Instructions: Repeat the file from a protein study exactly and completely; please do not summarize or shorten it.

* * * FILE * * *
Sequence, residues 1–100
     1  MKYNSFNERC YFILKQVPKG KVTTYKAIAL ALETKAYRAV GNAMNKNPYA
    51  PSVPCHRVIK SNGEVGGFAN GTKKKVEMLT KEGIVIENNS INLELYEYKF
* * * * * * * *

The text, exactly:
Sequence, residues 1–100
     1  MKYNSFNERC YFILKQVPKG KVTTYKAIAL ALETKAYRAV GNAMNKNPYA
    51  PSVPCHRVIK SNGEVGGFAN GTKKKVEMLT KEGIVIENNS INLELYEYKF